Nissan is pretty certain that free charging offers in the two largest metropolitan areas in Texas are substantially boosting sales of the Leaf electric vehicle. Heck, one Houston car dealer says Leaf sales have tripled because of the plan, which is run by NRG through its batch of eVgo Freedom Stations. Each of these stations has a fast-charging outlet and a standard Level 2 cord where EV drivers can plug-in without breaking out the wallet.

Here's how the plan works: NRG is offering a year of free charging for those who buy or lease a Leaf in either the Houston or Dallas-Fort Worth areas. NRG has 17 stations in Houston and another 23 in DFW. Nissan pays NRG a fee for employing the program, and it's apparently paying off, Nissan's Brendan Jones told Plug In Cars. The stations are located at retailers such as Walgreens and at gas-station chains. The "No Charge to Charge" program started October 1 and runs through the end of this month. The promotion may be driving sales, but let's remember that Nissan was touting a rise in Leaf sales numbers before the free charging deal went into effect.

Of course, the fun does eventually end, and folks have to start paying for the juice after that first year. Two options NRG offers are a 12-month unlimited charging plan for $39.95 a month or a year of unlimited one-hour sessions at a Level 2 a cool $59.95. Californians, there's sadly no word on Nissan or NRG bringing a similar program to the Golden State. Because we know you were wondering that.


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    • 1 Second Ago
  • 22 Comments
      EZEE2
      • 1 Year Ago
      I do not have a Leaf, so correct me if I am wrong, all of the people that own Leaves...but... Is free charging that big of a deal? I would think the 'no gas in your tank' would be enough of a sales incentive. Also - at $40 a month? How much is the monthly electric bill to charge a Leaf anyway? I would imagine it is nice to charge the vehicle remotely, but doesn't everyone charge their vehicles at night, so they are ready in the morning? Danny did write this, so I suppose a healthy dose of skepticism is in order (sorry Danny, but...well, you know...).
        GoodCheer
        • 1 Year Ago
        @EZEE2
        Good question. Let's assume 1000 miles/month, and the EPA 'official' 30 kWh/100miles, so 300 kWh/month. If you pay $0.13/kWh, that gets you back to $40/month. If most of your charging is at night, and your night-time rate is $0.08, then you're spending $24/month. All in all, $40/month is enough that they're going to make a big profit on anyone who ever plugs in at home, which I suspect is most people, most of the time. I would assume they pay an industrial rate that is significantly lower than residential retail electricity rates. But then they do have infrastructure and support people to pay for.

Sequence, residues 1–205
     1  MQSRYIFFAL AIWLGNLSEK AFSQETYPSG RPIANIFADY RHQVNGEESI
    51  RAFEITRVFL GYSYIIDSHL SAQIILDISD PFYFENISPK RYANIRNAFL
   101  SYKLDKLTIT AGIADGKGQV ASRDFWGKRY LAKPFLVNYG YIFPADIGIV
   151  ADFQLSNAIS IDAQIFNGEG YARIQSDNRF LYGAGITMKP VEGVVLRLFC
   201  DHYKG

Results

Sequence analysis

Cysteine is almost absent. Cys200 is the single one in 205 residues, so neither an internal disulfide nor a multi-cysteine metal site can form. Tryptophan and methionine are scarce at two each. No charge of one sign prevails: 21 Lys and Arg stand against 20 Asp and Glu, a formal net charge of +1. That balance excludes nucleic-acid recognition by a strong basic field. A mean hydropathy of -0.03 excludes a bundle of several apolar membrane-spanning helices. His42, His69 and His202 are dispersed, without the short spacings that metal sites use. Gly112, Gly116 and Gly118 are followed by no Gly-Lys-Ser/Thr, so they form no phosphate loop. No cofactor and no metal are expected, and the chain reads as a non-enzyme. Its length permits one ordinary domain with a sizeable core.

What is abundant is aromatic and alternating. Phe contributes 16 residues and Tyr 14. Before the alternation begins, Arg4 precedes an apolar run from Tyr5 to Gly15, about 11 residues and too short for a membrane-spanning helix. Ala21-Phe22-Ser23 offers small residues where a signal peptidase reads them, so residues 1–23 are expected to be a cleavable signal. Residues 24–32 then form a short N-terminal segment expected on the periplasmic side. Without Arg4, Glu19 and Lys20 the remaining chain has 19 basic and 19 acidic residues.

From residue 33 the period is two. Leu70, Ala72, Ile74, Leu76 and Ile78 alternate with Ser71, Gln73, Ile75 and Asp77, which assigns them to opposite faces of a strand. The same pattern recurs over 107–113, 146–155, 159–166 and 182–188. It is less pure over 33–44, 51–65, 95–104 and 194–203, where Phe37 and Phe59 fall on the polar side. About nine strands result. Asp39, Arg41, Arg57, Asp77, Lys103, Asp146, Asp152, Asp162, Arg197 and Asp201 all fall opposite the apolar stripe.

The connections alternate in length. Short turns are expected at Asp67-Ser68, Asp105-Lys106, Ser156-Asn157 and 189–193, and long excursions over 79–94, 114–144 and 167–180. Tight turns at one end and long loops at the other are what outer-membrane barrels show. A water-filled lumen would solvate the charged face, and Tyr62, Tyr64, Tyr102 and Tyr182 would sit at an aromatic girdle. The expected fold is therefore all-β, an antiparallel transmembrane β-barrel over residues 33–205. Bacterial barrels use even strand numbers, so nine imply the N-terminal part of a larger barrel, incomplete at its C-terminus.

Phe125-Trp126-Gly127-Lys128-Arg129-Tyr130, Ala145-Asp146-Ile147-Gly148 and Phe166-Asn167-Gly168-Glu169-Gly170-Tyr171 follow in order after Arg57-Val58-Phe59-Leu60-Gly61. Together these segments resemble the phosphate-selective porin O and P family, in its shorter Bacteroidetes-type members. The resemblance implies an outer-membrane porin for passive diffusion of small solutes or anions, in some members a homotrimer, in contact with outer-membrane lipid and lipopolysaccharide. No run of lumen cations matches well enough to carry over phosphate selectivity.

Aaron
        • 1 Year Ago
        @EZEE2
        Maybe to people new to EVs, free charging would seem like an incredible deal considering how expensive gas is. Then they get home and, if they have half a brain, look at how little power their car really uses, they will see that this "free" charging is really not worth much at all.
          Spec
          • 1 Year Ago
          @Aaron
          But most people seem to lack half a brain and that is why more EV makers should offer this deal. It is a great way to help convince people.
        David Murray
        • 11 Months Ago
        @EZEE2
        It IS. Because the EVGO network of DC fast chargers essentially gives a Leaf driver the freedom to drive anywhere in DF/W or Houston without worrying about if they have enough charge to get home. It essentially gives us the same freedom that a gas car driver would have, except that we're still tethered to our own metroplex and can't really drive out of town. I would not pay $40 a month, but since it is free I'll take it. They are supposed to be converting to a pay-per-charge which I think will be much better for the consumer.
        • 1 Year Ago
        @EZEE2
        level 3 free (fast) charging is a huge deal. remember you are still looking at 40-60 bucks a month in energy costs depending on how many miles you drive the car a month.